State Comptroller Kevin Lembo
State Comptroller Kevin Lembo. Arielle Levin Becker / File Photo
State Comptroller Kevin Lembo
State Comptroller Kevin Lembo Arielle Levin Becker / File Photo

Washington – Connecticut Comptroller Kevin Lembo has joined a growing Democratic attack on high drug prices, an issue expected to be at the center of many Democratic election campaigns next year.

He was supposed to be there in person, but fog and rain grounded his plane and kept him from testifying at a Capitol Hill hearing on drug pricing Wednesday. Lembo submitted written testimony instead.

He said the reasons drug prices are rising include market consolidation, new pricing models and “outright profiteering.”

“Projections indicate no future relief as pharmacy costs are expected to continue to rise at an exorbitant rate in the coming years. Meanwhile, pharmaceutical companies are recording historic profits,” Lembo said. “These drugs – lifesaving, life-changing medications – are not yachts, private jets, and other material icons of wealth reserved only for the privileged few.”

Wednesday’s hearing was held by the Democratic Steering Committee, a maneuver that allows House Democrats to convene a hearing in a chamber controlled by Republicans.

Rep. Rosa DeLauro, D-3rd District, is a member of the steering committee. She is also a member of a new Affordable Drug Pricing Task Force created by House Democrats.

At Wednesday’s hearing, DeLauro lambasted drug companies like Turing Pharmaceuticals, which hiked the price of Daraprim — a 62-year-old drug  that treats rare parasitic infections — from $13.50 to $750 a pill.

DeLauro also cited the drug pricing practices of Valeant Pharmaceuticals and of Gilead Sciences, a  drug company that charges $1,000 a pill for a hepatitis C treatment.

“Every day we see the threat that spiraling drug costs pose to Medicare, Medicaid and HIV treatments,” DeLauro said.

Gilead Sciences did not have an immediate response.

PhRMA, the trade association for the nation’s drug companies, said those concerned  about the cost of prescription drugs should look at spending across the health care system “and not just at the share of spending that goes toward life-changing medicines.”

“New medicines are transforming care for patients fighting debilitating diseases like cancer, hepatitis c, high cholesterol and more,” said PhRMA spokeswoman Holly Campbell. “At the same time, the share of spending on medicines has been consistent for more than 50 years.” Campbell said drug companies have been able to hold prices down “due to a competitive marketplace for medicines where generic utilization rates are high and robust competition among brand name medicines.”

She also said there should be a greater focus on the high cost sharing required by many insurance companies and restrictions on access to certain drugs by insurers that make certain medicines unaffordable.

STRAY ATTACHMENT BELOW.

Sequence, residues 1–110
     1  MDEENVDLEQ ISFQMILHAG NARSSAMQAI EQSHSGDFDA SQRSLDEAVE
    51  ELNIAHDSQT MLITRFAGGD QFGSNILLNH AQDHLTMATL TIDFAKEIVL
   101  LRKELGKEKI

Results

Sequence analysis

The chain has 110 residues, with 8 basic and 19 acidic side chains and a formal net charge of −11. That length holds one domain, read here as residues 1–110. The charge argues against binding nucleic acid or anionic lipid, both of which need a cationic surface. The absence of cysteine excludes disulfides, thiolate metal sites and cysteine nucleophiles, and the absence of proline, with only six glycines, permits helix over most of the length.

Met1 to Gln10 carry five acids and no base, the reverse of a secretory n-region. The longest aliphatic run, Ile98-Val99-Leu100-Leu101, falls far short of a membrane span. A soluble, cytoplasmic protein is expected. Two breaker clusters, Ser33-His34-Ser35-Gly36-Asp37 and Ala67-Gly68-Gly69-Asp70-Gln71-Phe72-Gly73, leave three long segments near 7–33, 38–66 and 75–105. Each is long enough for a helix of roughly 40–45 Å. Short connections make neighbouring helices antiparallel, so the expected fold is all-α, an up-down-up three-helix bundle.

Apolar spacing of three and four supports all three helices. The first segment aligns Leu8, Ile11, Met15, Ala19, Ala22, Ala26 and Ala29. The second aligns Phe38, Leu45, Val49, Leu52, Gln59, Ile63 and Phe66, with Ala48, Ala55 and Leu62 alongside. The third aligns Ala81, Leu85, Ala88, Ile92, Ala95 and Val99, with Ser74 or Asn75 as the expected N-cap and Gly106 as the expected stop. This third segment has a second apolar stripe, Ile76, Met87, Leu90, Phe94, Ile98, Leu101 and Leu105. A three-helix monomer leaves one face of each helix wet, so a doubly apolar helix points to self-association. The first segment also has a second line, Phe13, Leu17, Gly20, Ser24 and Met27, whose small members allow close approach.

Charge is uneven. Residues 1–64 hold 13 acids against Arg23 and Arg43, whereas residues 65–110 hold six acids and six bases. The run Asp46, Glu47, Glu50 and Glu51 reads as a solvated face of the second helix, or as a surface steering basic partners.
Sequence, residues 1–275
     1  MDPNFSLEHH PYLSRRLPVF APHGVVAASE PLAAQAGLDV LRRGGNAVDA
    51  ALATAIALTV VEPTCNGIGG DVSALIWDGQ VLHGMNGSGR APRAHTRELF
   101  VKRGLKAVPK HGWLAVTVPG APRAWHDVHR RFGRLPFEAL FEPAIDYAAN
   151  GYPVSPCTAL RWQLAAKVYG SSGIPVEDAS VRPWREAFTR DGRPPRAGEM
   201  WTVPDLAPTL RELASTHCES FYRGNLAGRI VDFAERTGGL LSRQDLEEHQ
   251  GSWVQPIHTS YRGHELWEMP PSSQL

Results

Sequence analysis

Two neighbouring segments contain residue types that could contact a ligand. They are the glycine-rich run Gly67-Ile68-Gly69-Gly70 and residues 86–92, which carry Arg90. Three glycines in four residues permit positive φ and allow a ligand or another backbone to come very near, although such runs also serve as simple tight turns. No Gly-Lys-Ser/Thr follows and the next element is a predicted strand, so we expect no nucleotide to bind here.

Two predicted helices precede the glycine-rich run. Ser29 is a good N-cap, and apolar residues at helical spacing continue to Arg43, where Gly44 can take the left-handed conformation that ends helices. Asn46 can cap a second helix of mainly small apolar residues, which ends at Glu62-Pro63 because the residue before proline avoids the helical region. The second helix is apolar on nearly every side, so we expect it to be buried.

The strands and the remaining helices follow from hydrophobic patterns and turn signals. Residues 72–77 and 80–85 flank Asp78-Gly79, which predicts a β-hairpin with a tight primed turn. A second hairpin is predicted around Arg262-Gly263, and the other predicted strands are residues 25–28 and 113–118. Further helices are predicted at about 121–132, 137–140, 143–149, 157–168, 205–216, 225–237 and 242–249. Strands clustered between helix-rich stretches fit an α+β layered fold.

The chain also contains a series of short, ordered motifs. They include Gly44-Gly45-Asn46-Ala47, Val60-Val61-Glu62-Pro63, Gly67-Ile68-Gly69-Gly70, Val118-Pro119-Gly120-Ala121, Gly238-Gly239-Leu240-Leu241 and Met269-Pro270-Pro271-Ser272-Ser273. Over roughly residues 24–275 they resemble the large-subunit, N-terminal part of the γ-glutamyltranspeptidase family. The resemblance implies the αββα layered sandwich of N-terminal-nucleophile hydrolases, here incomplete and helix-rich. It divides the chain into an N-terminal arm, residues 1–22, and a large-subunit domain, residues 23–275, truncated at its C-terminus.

Democrats like Hillary Clinton, her party’s frontrunner for the White House, have seized on the issue of the high cost of drugs, which she says is driving health care costs up and putting needed drugs out to the reach of some patients, even under the Affordable Care Act.

Health insurers have also redoubled their efforts to press Congress to do something about the high cost of drugs.

After 18 months of investigation, the Senate Finance Committee issued a report Tuesday that said Gilead Sciences knew its $1,000-a-pill  price would put hepatitis C treatment out of reach of many patients and cause “extraordinary problems” for government health programs.

“This investigation underscores the disconnect between drug company rhetoric and reality,” said America’s Health Insurance Plans President Marilyn Tavenner. “It’s time for drug companies to be held to the same access and affordability standards that apply to the rest of the health system, and that starts with greater transparency in drug pricing.”

In his written testimony, Lembo said that as the state comptroller, he  administers health benefits for more than  200,000 state and municipal employees, retirees and their dependents.

“The sharp rise in pharmacy costs comes at a time when we are seeing great success in limiting medical spending by promoting preventive care and chronic disease management through the state’s Health Enhancement Program,” Lembo said. “The drastic increases in pharmacy costs are undermining our medical cost savings.”

Brian Lehman, head of the pharmacy benefits program of the Ohio Public Employees Retirement System; Jeremy Green, a professor of medicine at Johns Hopkins University; and Lynn Quincy of Consumers Union testified on the impacts of high-cost medicine.

But it’s not clear what steps, if any, Congress can take to slow the rise in pharmaceutical prices. House Minority Leader Nancy Pelosi, D-Calif., backs legislation that would repeal the ban preventing Medicare from negotiating directly with pharmaceutical companies.

The American Medical Association recently decided to lobby Congress to ban  “direct-to-consumer” drug advertising that urges people to “ask their doctor” if a certain drug  is right for them.

AMA Board Chair-elect Patrice A. Harris said support for an ad ban “reflects concerns among physicians about the negative impact of commercially driven promotions, and the role that marketing costs play in fueling escalating drug prices.”

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Ana has written about politics and policy in Washington, D.C.. for Gannett, Thompson Reuters and UPI. She was a special correspondent for the Miami Herald, and a regular contributor to The New York TImes, Advertising Age and several other publications. She has also worked in broadcast journalism, for CNN and several local NPR stations. She is a graduate of the University of Maryland School of Journalism.

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